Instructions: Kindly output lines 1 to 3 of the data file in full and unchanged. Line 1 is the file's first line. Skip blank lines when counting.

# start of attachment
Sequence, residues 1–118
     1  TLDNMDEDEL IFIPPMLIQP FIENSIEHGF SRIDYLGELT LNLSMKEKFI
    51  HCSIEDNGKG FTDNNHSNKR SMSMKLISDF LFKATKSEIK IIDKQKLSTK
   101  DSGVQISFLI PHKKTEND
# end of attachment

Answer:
Sequence, residues 1–118
     1  TLDNMDEDEL IFIPPMLIQP FIENSIEHGF SRIDYLGELT LNLSMKEKFI
    51  HCSIEDNGKG FTDNNHSNKR SMSMKLISDF LFKATKSEIK IIDKQKLSTK